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Colorado Homeowners Protection Act Overrides Subrogation Waiver

Home Protection.1The Denver office of Cozen O’Connor recently arbitrated a construction defect caused subrogation loss which occurred during a remodel of a high end vacation residence where the insured and the general contractor had entered into an AIA form agreement, including the standard general conditions. As expected, the general contractor raised the subrogation waiver contained in the AIA agreement as a complete bar to the subrogation claim and, alternatively, the waiver of consequential damages provision in the AIA agreement as a bar to recoverable damages.

Cozen O’Connor argued, pursuant to the Homeowners Protection Act of 2007 (“the HPA”), the AIA waiver of subrogation was void as against the public policy of the State of Colorado and that any waiver of damages was void unless consistent with the language of the HPA. The HPA’s stated purpose was to preserve Colorado residential property owners’ legal rights and remedies. It further provided that “in any civil action or arbitration proceeding described in section 13-20-802.5(1), any express waiver of, or limitation on, the legal rights, remedies or damages provided by the ‘Construction Defect Action Reform Act’, this part 8 . . . are void as against public policy.” C.R.S. § 13-20-806(7)(a). This subsection only applies to the legal rights, remedies or damages of claimants asserting claims arising out of residential property. C.R.S. § 13-20-806(7)(c). “Claimant” is defined as a person (other than the attorney general) who asserts a claim against a construction professional that alleges a defect in the construction of an improvement to real property. C.R.S. § 13-20-802.5. By definition, Claimant would include a subrogating insurance carrier.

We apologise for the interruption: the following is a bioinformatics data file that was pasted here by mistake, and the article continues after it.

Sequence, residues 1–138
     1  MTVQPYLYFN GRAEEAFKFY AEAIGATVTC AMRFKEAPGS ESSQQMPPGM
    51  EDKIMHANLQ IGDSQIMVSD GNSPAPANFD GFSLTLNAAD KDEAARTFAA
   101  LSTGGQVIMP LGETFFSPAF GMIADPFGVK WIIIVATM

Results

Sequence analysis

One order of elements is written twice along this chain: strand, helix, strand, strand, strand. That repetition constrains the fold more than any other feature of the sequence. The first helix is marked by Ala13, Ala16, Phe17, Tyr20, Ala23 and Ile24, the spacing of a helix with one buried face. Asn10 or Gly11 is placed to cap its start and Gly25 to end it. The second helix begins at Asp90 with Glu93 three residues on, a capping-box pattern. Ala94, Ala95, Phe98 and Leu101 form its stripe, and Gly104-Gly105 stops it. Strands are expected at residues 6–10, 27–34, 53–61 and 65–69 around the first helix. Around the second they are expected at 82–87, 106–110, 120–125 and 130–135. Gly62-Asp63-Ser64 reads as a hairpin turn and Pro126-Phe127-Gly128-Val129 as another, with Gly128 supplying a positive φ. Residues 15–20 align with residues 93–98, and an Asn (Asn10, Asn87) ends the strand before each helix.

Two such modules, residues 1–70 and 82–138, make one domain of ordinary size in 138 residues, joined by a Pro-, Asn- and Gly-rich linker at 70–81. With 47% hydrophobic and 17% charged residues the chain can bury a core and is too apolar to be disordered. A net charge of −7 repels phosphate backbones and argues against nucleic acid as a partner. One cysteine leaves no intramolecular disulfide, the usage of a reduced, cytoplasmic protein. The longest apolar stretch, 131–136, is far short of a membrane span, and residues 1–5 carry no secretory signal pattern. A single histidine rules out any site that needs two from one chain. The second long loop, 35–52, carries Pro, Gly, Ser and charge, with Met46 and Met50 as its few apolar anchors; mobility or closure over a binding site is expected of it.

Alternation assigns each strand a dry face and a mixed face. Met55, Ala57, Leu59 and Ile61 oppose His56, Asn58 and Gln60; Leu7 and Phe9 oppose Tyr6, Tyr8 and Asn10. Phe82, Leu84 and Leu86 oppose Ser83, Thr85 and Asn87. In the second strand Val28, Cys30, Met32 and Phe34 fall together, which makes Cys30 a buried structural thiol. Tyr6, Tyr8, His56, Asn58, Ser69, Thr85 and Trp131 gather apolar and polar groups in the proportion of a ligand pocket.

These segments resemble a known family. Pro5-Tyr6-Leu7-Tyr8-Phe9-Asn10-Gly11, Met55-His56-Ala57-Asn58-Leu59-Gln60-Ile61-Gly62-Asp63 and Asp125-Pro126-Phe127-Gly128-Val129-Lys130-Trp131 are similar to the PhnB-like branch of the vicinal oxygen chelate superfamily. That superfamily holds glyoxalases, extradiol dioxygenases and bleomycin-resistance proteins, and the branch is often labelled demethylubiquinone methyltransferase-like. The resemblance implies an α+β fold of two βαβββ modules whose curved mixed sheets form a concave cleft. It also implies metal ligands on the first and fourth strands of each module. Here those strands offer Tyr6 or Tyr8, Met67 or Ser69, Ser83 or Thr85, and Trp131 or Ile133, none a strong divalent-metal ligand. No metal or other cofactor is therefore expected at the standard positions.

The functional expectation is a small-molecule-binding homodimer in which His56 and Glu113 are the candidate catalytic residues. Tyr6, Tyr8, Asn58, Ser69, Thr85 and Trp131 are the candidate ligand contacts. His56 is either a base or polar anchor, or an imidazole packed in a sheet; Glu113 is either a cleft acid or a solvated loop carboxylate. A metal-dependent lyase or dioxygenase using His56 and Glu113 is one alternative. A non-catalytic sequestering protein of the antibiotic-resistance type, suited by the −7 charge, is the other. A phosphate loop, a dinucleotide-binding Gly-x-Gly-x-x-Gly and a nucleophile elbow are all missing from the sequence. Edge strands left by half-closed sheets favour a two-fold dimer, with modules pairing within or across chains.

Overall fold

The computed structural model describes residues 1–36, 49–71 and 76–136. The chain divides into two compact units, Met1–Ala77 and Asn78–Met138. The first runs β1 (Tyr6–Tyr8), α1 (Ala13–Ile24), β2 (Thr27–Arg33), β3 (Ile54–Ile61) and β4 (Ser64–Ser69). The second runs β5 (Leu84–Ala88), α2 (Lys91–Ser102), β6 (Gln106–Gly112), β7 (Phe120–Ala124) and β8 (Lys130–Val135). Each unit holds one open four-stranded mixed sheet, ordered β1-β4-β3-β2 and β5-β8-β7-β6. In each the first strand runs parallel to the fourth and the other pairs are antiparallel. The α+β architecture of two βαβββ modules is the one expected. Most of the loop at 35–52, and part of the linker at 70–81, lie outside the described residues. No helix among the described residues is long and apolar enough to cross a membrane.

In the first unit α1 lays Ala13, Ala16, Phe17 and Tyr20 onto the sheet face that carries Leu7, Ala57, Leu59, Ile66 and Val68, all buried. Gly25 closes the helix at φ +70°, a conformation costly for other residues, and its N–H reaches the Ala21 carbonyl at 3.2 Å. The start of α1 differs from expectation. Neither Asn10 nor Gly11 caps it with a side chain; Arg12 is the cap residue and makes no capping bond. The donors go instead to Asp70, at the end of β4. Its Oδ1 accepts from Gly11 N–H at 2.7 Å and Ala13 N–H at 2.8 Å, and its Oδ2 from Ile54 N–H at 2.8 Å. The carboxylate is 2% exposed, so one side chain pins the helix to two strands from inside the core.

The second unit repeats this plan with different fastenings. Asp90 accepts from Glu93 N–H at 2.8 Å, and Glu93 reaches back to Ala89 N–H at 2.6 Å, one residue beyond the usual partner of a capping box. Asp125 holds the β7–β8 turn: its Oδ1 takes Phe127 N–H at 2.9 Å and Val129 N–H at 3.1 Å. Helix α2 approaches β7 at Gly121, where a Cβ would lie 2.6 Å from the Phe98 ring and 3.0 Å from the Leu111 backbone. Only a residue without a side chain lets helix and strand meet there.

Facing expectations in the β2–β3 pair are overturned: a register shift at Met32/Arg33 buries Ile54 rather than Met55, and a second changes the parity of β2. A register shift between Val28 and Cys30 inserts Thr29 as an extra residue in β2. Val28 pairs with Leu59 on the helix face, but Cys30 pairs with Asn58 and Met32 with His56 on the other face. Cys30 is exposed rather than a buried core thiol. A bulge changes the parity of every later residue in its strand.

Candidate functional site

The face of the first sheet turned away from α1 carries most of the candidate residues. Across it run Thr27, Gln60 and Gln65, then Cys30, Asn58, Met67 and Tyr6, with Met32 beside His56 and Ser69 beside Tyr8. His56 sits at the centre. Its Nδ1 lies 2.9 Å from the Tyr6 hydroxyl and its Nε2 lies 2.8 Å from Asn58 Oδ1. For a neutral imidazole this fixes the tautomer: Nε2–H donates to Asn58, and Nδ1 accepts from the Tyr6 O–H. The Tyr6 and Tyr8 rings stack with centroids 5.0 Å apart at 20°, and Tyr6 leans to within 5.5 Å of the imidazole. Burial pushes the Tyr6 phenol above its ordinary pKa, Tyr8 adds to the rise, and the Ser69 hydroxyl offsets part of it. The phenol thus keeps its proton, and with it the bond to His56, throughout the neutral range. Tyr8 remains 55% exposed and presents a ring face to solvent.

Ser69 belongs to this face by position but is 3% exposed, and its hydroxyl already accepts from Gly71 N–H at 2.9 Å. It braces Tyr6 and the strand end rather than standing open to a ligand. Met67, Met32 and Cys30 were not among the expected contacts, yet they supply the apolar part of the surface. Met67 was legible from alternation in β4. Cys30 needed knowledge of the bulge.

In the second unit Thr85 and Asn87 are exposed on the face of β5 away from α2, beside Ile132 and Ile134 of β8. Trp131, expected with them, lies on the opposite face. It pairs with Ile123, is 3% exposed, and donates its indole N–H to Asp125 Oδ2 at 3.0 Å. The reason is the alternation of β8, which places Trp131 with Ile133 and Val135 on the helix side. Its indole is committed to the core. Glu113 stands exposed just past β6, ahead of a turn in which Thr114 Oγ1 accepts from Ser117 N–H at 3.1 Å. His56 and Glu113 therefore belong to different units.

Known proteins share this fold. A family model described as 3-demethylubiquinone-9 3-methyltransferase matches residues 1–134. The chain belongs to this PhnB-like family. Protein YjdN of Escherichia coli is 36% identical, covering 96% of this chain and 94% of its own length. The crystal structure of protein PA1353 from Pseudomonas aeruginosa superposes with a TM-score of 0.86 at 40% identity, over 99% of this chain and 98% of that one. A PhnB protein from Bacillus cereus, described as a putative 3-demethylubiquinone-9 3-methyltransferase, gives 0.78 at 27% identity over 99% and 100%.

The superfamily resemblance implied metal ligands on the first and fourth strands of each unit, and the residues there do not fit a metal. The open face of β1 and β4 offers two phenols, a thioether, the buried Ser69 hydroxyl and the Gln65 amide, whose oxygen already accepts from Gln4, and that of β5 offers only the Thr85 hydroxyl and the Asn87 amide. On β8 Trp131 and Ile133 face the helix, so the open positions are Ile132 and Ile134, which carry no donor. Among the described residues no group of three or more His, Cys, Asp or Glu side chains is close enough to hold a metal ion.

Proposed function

In addition, C.R.S. § 13-20-806(7)(a) provides that any effort by a contractor to expressly waive or limit a Claimant’s damages for a construction defect by agreement is void as a matter of law. Pursuant to CRS § 13-20-802.5, damages to real property and for loss of use (allowed living expense) are specifically permitted by CRS § 13-20-802.5 and cannot be waived.

The Arbiter ruled that both the AIA subrogation and consequential damage waivers were void as a matter of law. We believe that this is the first time that the interplay between the HPA and subrogation waivers and contractual limitations of liability has been addressed by an Arbiter or the Colorado courts. The HPA provides a strong argument when faced with AIA contractual defenses in a residential subrogation loss caused by a construction defect.

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Gross Negligence in Oil Well Drilling: Alberta Queen’s Bench Clarifies the Standard Required of Oil & Gas Drilling Operators

oil.1 The author of the following blog post, Robert Sottile, is an Articling Student with Cozen O’Connor.

The recent decision of the Alberta Court of Queen’s Bench in Bernum Petroleum Ltd v Birch Lake Energy Inc (Bernum)[1], outlines the requirements to establish gross negligence in losses involving the drilling and operation of oil wells.

Background

In Berunum, the plaintiff and defendant entered a joint operation agreement to develop oil wells on certain lands and to contribute proportionally to the related costs. Bernum, the operator of the drilling operations, sought to recover Birch Lake’s share of development costs in relation to a specific well. Birch Lake refused to pay its share of development costs, contending that Bernum was grossly negligent while drilling and developing the well.